VW Apologizes for “Tasteless” Video Some Called “Racist”

Volkswagen is apologizing after a social media ad was called “racist” by some consumers. In the ad, a giant white hand initially shoves a dark-skinned man away from a Volkswagen car. When the man tries to hold his ground, the giant hand flicks him away from the car.

That might have been enough for some to cry foul, but there’s more. According to reports in the Associated Press and other media outlets, the name of the café into which the man is “flicked” translates as “Little Colonist,” and, when the name of the vehicle comes on screen, the initially jumbled letters reportedly, and briefly, spelled out a racial slur.

The ad and the criticism of it quickly went viral, forcing Volkswagen to issue an apology. The automaker says it pulled the ad and that company executives understand the outrage: “Without question, the video is inappropriate and tasteless… We will clarify how something like this could happen, and there will be consequences.”

The issue, what critics called “clear racial overtones” of the ad, is a specific touchpoint for Volkswagen, given the company’s history and professed public statements. VW was founded during the Nazi regime to produce the “people’s car,” and the company has invested quite a bit in messaging to distance itself not only from that regime but also from “all forms of racism, xenophobia, and discrimination…”

A company spokesperson added: “Many initiatives in the company and in our global workforce promote diversity, integration, and unprejudiced cooperation. That makes it all the more annoying that we made this mistake…”

“Annoying” may not have been the word critics wanted to hear. They called the spot “racist” and “horrible,” among other things. Both the creation of the ad and the initial response to the ad make it clear that someone involved, perhaps several people in the process of creating and approving that ad, thought it was either funny or appropriate as a message to a mass audience.

This fact signals some apparent issues within VW’s advertising and PR workflow. It didn’t help that, according to MarketWatch, the German automaker initially dismissed the criticism, saying the company was “surprised and shocked (the ad) was so misunderstood…”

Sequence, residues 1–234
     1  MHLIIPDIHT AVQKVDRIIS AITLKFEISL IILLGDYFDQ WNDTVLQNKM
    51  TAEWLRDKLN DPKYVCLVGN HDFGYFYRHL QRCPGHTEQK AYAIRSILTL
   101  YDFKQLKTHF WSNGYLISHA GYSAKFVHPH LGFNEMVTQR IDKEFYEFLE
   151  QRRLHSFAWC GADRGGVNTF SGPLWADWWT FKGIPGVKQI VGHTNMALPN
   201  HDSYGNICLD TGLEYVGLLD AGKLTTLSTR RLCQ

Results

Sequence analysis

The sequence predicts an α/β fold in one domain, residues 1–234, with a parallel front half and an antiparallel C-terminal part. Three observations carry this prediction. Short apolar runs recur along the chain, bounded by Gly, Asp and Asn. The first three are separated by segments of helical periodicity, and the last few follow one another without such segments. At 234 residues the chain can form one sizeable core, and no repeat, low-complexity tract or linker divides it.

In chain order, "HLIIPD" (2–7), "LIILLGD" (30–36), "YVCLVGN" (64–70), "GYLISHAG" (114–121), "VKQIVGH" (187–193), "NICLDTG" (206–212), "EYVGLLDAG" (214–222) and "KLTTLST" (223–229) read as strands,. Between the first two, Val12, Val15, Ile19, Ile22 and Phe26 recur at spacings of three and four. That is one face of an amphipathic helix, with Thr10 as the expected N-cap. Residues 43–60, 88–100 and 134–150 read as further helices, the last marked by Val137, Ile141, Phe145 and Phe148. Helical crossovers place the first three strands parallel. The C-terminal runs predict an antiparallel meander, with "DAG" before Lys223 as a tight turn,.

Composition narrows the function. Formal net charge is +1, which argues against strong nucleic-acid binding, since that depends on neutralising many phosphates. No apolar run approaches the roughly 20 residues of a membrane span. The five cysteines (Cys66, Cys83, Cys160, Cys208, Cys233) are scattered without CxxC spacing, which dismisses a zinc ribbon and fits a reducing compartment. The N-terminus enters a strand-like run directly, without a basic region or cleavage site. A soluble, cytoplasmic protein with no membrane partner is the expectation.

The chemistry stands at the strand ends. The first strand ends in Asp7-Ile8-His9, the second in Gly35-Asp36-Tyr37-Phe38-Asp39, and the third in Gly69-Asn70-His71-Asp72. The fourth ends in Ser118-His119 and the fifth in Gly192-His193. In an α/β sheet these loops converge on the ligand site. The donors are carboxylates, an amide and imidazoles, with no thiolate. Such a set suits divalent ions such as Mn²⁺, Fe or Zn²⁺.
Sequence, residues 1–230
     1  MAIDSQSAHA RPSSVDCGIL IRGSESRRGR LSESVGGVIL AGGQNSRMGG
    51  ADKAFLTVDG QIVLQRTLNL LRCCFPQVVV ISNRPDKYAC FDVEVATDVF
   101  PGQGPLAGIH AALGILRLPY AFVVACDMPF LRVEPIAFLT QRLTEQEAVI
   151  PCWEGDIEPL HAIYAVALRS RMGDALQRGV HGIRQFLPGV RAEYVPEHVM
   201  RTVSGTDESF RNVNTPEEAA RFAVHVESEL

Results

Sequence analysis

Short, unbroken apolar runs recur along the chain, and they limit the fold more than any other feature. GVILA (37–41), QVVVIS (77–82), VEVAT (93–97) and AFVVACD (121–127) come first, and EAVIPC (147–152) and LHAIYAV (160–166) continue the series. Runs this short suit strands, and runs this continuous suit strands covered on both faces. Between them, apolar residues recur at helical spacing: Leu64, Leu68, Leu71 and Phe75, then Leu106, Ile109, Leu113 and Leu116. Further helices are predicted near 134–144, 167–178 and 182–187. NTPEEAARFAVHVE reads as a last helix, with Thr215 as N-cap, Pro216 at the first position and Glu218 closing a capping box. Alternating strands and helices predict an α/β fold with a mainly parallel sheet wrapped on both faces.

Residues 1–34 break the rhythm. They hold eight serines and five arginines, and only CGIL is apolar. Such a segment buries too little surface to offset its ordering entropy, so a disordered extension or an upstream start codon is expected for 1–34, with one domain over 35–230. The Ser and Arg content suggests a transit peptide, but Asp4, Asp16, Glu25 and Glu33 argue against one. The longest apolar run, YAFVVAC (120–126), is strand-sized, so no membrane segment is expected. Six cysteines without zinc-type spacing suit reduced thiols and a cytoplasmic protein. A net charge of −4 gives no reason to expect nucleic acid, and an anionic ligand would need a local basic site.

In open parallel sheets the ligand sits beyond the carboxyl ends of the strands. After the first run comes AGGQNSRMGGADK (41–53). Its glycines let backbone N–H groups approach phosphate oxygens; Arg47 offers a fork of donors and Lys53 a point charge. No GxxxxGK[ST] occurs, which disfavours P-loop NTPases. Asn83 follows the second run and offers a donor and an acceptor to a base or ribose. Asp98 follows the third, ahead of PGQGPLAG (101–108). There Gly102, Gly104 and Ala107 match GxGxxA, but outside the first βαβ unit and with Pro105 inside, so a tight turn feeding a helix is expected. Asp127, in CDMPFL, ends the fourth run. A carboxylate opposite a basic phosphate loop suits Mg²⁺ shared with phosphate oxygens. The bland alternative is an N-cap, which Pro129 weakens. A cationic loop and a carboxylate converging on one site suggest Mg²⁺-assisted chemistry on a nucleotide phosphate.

The position statement didn’t last long, as the company was lambasted on social media for being completely tone deaf… among other less-complimentary descriptions. Soon, VW head of sales and marketing Jurgen Stackmann, was back on social media offering a very different take on the issue: “We posted a racist advertising video on Volkswagen’s Instagram channel… We understand the public outrage at this, because we are horrified too. On behalf of Volkswagen AG, we apologize to the public for this film… And we apologize in particular to those who feel personally hurt by the racist content…”

That statement more accurately mirrored the perspective of the audience, so it was better received. Unfortunately, it didn’t have as much of a positive impact as it could have, because it came after a previous statement that clearly misread the terrain and served to further upset the audience.

The lesson: be proactive on the production side so that these kinds of issues don’t come up in the first place, but, if they do, be sure the response is appropriate to the situation and for the audience. Otherwise, it could make a bad consumer PR situation even worse.

Ronn Torossian

Ronn Torossian is the founder and CEO of 5WPR and one of the most well-respected Public Relations professionals in the United States. Ronn is the author of "For Immediate Release: Shape Minds, Build Brands, and Deliver Results with Game-Changing Public Relations."

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